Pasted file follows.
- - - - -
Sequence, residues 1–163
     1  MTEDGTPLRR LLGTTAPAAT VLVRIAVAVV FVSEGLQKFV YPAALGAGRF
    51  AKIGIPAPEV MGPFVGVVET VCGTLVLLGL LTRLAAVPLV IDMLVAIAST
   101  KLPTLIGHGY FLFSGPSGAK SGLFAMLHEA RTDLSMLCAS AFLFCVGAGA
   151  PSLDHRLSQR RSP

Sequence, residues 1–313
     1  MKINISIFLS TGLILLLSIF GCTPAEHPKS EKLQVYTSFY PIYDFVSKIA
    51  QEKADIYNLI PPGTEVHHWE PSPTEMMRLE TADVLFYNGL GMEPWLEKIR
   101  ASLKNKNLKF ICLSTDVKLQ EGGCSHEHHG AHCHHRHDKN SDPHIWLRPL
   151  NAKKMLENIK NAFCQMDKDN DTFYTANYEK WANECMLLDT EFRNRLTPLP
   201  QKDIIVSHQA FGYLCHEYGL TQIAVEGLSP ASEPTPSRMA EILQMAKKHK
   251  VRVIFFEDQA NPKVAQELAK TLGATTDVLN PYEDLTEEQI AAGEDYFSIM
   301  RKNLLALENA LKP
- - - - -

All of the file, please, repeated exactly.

Sequence, residues 1–163
     1  MTEDGTPLRR LLGTTAPAAT VLVRIAVAVV FVSEGLQKFV YPAALGAGRF
    51  AKIGIPAPEV MGPFVGVVET VCGTLVLLGL LTRLAAVPLV IDMLVAIAST
   101  KLPTLIGHGY FLFSGPSGAK SGLFAMLHEA RTDLSMLCAS AFLFCVGAGA
   151  PSLDHRLSQR RSP

Sequence, residues 1–313
     1  MKINISIFLS TGLILLLSIF GCTPAEHPKS EKLQVYTSFY PIYDFVSKIA
    51  QEKADIYNLI PPGTEVHHWE PSPTEMMRLE TADVLFYNGL GMEPWLEKIR
   101  ASLKNKNLKF ICLSTDVKLQ EGGCSHEHHG AHCHHRHDKN SDPHIWLRPL
   151  NAKKMLENIK NAFCQMDKDN DTFYTANYEK WANECMLLDT EFRNRLTPLP
   201  QKDIIVSHQA FGYLCHEYGL TQIAVEGLSP ASEPTPSRMA EILQMAKKHK
   251  VRVIFFEDQA NPKVAQELAK TLGATTDVLN PYEDLTEEQI AAGEDYFSIM
   301  RKNLLALENA LKP